The following quote has some naughty language, you’ve been warned:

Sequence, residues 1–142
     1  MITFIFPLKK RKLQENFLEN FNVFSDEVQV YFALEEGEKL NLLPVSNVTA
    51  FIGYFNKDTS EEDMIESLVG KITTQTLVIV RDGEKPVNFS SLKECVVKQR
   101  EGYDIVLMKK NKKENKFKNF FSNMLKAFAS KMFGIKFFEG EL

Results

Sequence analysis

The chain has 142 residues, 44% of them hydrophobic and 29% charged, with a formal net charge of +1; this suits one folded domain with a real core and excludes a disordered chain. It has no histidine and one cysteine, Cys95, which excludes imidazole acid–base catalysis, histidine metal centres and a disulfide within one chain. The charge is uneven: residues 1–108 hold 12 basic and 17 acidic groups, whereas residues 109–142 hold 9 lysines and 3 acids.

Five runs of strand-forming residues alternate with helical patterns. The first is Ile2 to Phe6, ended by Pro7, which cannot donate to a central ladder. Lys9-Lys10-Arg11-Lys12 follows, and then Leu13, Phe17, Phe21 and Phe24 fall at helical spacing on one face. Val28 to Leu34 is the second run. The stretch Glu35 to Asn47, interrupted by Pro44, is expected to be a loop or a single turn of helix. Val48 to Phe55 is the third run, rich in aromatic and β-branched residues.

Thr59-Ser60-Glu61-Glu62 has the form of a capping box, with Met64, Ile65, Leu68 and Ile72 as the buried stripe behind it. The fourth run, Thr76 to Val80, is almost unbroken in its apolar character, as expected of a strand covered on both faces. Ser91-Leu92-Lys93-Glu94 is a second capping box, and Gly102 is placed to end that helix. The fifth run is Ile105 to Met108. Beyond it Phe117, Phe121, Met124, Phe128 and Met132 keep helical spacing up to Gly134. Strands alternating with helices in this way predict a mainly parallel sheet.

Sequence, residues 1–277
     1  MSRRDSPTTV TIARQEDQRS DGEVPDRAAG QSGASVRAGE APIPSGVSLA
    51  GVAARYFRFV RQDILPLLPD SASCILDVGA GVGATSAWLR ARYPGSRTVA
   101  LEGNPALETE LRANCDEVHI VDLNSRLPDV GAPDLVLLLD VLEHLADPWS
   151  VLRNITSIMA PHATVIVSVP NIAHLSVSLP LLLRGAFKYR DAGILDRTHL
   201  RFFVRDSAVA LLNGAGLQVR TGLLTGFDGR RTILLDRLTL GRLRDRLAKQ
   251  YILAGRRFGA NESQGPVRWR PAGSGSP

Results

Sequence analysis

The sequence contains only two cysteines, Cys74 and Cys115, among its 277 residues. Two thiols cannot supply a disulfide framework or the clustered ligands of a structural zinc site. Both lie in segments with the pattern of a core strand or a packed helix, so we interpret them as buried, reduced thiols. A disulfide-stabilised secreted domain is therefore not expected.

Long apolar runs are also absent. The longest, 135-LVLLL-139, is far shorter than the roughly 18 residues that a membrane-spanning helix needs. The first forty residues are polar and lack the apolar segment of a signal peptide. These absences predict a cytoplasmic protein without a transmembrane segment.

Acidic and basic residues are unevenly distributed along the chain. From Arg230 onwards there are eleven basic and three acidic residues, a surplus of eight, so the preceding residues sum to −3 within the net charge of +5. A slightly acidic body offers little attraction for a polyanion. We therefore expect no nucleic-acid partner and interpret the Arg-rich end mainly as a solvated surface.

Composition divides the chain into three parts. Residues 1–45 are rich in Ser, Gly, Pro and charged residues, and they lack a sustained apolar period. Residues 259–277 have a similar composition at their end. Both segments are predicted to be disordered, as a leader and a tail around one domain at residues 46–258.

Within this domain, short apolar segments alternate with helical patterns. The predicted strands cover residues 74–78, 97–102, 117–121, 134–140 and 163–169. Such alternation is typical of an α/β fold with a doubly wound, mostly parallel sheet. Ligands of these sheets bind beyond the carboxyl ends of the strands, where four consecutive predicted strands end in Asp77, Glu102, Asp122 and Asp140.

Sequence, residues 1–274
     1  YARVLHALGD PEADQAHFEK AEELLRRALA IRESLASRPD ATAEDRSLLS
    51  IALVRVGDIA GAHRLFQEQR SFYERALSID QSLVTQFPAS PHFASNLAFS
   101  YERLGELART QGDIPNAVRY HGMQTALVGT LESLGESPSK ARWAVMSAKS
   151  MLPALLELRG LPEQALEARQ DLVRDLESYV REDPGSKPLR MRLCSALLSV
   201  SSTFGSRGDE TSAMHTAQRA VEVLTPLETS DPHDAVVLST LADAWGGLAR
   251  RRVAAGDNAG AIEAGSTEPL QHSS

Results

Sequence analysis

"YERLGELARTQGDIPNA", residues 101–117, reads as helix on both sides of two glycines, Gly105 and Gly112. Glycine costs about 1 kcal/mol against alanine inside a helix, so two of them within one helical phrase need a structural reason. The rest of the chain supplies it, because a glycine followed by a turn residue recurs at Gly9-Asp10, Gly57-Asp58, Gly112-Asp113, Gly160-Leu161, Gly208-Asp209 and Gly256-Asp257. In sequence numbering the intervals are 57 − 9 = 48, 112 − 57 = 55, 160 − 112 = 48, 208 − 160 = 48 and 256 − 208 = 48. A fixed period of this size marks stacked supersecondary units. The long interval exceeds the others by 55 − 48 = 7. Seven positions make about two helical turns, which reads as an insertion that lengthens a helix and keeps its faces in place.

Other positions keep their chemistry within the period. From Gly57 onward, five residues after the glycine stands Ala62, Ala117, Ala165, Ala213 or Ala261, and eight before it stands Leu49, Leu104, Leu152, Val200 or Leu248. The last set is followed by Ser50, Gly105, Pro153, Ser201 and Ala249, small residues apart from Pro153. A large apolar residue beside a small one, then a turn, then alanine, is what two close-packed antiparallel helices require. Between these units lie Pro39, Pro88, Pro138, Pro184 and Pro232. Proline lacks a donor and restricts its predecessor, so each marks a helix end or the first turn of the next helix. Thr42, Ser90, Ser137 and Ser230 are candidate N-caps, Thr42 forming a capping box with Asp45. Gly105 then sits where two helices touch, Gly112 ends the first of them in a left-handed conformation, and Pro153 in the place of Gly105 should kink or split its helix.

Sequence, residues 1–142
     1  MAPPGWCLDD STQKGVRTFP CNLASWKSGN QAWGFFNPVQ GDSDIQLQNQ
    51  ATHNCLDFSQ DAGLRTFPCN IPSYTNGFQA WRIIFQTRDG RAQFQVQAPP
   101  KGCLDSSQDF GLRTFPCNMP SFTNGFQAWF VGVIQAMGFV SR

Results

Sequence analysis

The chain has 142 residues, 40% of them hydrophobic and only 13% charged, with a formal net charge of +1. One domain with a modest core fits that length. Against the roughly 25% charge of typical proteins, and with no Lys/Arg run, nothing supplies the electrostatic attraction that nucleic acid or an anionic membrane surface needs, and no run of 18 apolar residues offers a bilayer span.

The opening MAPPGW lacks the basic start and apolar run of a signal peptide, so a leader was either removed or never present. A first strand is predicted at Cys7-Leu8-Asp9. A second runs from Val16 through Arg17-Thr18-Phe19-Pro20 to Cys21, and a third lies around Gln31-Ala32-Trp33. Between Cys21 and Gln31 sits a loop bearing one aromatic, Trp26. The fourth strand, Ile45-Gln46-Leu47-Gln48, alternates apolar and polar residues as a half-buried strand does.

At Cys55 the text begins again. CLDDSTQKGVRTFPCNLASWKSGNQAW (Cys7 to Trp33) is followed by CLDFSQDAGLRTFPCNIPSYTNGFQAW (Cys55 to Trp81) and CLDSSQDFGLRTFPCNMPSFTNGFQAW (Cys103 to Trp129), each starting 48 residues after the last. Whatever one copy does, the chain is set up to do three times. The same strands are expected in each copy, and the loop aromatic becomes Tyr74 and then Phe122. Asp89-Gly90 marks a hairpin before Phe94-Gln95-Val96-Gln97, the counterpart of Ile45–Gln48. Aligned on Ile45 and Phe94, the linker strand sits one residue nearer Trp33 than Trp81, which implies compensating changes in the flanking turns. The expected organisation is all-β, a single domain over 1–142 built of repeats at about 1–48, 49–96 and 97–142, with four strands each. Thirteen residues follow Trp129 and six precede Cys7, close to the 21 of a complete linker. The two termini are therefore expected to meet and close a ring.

“ I don’t know what to say, really. Three minutes to the biggest battle of our professional lives. All comes down to today, and either, we heal as a team, or we’re gonna crumble. Inch by inch, play by play. Until we’re finished. We’re in hell right now, gentlemen. Believe me. And, we can stay here, get the shit kicked out of us, or we can fight our way back into the light. We can climb outta hell… one inch at a time. Now I can’t do it for ya, I’m too old. I look around, I see these young faces and I think, I mean, I’ve made every wrong choice a middle-aged man can make. I, uh, I’ve pissed away all my money, believe it or not. I chased off anyone who’s ever loved me. And lately, I can’t even stand the face I see in the mirror. You know, when you get old, in life, things get taken from you. I mean, that’s… that’s… that’s a part of life. But, you only learn that when you start losin’ stuff. You find out life’s this game of inches, so is football. Because in either game – life or football – the margin for error is so small. I mean, one half a step too late or too early and you don’t quite make it. One half second too slow, too fast and you don’t quite catch it. The inches we need are everywhere around us. They’re in every break of the game, every minute, every second. On this team we fight for that inch. On this team we tear ourselves and everyone else around us to pieces for that inch. We claw with our fingernails for that inch. Because we know when add up all those inches, that’s gonna make the fucking difference between winning and losing! Between living and dying! I’ll tell you this, in any fight it’s the guy whose willing to die whose gonna win that inch. And I know, if I’m gonna have any life anymore it’s because I’m still willing to fight and die for that inch, because that’s what living is, the six inches in front of your face. Now I can’t make you do it. You’ve got to look at the guy next to you, look into his eyes. Now I think ya going to see a guy who will go that inch with you. Your gonna see a guy who will sacrifice himself for this team, because he knows when it comes down to it your gonna do the same for him. That’s a team, gentlemen, and either, we heal, now, as a team, or we will die as individuals. That’s football guys, that’s all it is. Now, what are you gonna do?”